Insurer Teaches Docs to Say Sorry...
January 4, 2012Doug Wojcieszak, Founder Contact phone/e-mail address: 618-559-8168; firstname.lastname@example.org
INSURER TEACHES DOCS TO SAY "SORRY"
Below is a great article that came out right before Christmas about PLICO - Physicians Liability Insurance Company of Oklahoma - and their efforts to train their insured physicians on Sorry Works! As the article states, PLICO was the first carrier to offer Sorry Works! training to insureds --- and we hope many more carriers follow in PLICO's footsteps. To learn more about Sorry Works! training for your insureds, call 618-559- 8168 or e-mail email@example.com
In training PLICO's physicians, one of the main messages we drove home was the importance of empathy post-event, while pausing before offering an apology (to make sure the investigation proves an error with causation). This critical message of empathy without premature apology can now be found in The Little Book of Empathy. This short book - actually a booklet - can be read in 15 to 20 minutes by docs, nurses, and other front-line staff, and gives them all they need to know to empathize and stay connected with patients and families post-event. Click here to order your copies today: https://secureserv er.wildfire.net/sorryworks/. Individual copies of the booklet sell for $9.99, and can also be purchased in packets of five ($29.99), 10 ($49.99), 25 ($99.99) or 100 copies ($339.99). For larger orders or additional pricing information, call 618-559-8168 or e-mail firstname.lastname@example.org.
Doug Wojcieszak, Founder Sorry Works! PO Box 531 Glen Carbon, IL 62034 618-559-8168 (direct dial)
INSURANCE COMPANY TRAINS DOCTORS TO SAY THEY'RE SORRY Physicians Liability Insurance Co. is working to teach Oklahoma physicians to do something they rarely did in the past: say "I'm sorry."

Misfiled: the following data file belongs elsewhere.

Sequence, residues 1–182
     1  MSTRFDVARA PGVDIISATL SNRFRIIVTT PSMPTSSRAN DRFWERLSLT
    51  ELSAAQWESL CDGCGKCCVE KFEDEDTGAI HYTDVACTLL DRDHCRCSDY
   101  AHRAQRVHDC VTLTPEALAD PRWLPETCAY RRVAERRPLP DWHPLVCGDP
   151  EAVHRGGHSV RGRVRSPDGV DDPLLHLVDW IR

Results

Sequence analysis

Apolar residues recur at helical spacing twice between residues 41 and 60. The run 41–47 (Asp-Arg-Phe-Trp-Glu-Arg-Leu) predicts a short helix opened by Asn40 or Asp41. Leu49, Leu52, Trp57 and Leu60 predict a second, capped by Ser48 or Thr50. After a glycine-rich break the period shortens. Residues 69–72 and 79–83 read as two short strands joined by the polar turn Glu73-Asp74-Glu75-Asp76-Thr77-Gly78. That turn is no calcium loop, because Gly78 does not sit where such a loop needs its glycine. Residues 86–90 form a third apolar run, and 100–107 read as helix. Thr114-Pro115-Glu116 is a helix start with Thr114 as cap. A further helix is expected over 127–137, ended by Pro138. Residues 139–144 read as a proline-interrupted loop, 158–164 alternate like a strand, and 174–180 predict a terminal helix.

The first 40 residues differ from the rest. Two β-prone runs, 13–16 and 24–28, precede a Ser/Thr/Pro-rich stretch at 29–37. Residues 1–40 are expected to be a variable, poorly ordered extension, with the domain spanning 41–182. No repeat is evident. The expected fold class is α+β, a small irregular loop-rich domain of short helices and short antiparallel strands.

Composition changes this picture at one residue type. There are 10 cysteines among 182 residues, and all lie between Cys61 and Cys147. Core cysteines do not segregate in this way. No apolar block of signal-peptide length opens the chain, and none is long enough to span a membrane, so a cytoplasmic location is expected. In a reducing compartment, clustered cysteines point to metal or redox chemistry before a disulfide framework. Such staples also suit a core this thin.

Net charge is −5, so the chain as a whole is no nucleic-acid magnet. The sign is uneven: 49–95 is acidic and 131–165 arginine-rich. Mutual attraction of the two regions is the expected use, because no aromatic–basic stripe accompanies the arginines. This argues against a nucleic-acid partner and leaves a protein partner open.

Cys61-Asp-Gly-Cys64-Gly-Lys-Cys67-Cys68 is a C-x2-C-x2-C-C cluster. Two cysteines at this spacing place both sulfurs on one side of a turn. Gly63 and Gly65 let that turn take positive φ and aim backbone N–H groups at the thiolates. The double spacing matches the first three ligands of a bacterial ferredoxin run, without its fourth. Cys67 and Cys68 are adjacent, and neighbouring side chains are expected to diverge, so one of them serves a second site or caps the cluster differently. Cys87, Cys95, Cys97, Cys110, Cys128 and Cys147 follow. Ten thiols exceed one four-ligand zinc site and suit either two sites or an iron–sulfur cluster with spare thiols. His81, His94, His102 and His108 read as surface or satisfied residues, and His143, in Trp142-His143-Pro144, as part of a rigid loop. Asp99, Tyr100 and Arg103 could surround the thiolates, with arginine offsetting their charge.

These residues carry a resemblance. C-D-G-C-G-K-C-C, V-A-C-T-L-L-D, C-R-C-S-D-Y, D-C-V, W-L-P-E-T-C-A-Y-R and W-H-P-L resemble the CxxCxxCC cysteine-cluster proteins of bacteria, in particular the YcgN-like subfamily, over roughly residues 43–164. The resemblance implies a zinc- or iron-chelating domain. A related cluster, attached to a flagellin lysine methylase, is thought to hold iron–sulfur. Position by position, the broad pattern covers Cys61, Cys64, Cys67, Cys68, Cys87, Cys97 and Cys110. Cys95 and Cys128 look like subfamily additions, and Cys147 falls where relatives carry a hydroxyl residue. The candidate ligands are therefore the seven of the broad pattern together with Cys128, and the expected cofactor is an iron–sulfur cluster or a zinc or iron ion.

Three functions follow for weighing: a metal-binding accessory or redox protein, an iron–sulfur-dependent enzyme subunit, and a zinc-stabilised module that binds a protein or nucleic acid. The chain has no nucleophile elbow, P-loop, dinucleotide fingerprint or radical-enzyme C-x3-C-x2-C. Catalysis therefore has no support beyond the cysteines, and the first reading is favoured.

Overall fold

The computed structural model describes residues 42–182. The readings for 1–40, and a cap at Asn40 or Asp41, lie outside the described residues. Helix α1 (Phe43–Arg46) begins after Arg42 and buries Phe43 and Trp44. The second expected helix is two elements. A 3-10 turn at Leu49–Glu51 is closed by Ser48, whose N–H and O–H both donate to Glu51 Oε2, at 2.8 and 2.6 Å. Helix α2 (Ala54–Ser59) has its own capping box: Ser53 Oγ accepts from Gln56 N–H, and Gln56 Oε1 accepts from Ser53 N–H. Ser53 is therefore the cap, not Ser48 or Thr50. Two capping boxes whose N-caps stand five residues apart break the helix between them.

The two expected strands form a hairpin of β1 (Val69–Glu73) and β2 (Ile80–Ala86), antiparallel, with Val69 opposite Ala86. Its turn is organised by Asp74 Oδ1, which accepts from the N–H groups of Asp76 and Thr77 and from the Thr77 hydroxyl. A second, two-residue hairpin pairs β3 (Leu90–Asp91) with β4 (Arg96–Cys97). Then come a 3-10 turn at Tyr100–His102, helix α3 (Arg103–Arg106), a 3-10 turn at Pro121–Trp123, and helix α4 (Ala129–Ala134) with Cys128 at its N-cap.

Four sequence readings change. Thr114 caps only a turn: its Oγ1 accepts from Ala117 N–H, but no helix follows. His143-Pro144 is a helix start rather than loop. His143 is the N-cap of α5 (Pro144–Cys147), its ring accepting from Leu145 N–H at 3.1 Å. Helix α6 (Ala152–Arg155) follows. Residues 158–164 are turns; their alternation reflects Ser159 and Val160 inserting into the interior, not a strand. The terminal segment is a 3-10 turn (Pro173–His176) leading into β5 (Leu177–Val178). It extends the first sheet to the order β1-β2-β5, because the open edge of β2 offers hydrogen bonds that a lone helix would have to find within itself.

BY DON MECOY email@example.com Oklahoman Published: December 18, 2011
Physicians Liability Insurance Co. is working to teach Oklahoma physicians to do something they rarely did in the past: say "I'm sorry."
Dr. Carl Hook, the CEO of PLICO, said doctors traditionally have been advised to stop communicating with patients and families when there is a major problem that might lead to litigation.
"Deny and defend was what I was taught," Hook said. But that policy creates angry patients who feel victimized, and loads guilt on physicians, Hook said.
PLICO offers free training to its clients that instructs them to disclose information to patients and their families any time there is a "bad outcome," Hook said. The patient should know there will be an investigation to determine who or what caused the problem, he said.
"We want the person that is liable, when it is proven that there is liability, to apologize to the patient and the family," he said. "That's just showing empathy."
Dr. Brian Birdwell, a Lawton doctor, said the "I'm sorry" approach is counterintuitive, but it works. Doctors prefer to dwell on patients who thrived under their care, and tend to distance themselves from patients who suffered due to a mistake, Birdwell said.
But doctors who immediately hire a lawyer and stop communicating with patients and families when there is a problem promote the idea that there is something to cover up, Birdwell said.
"Stay with your patient and convey a sense of sorrow that it happened," he said. "That is not saying, 'I'm sorry I screwed up.' It's just empathy."
Birdwell said he regularly takes advantage of PLICO's free training.
"It's just the best thought-out and smartest approach to medical litigation," he said.
Hook said PLICO was one of the first individual insurance carriers to implement the “Sorry Works” training.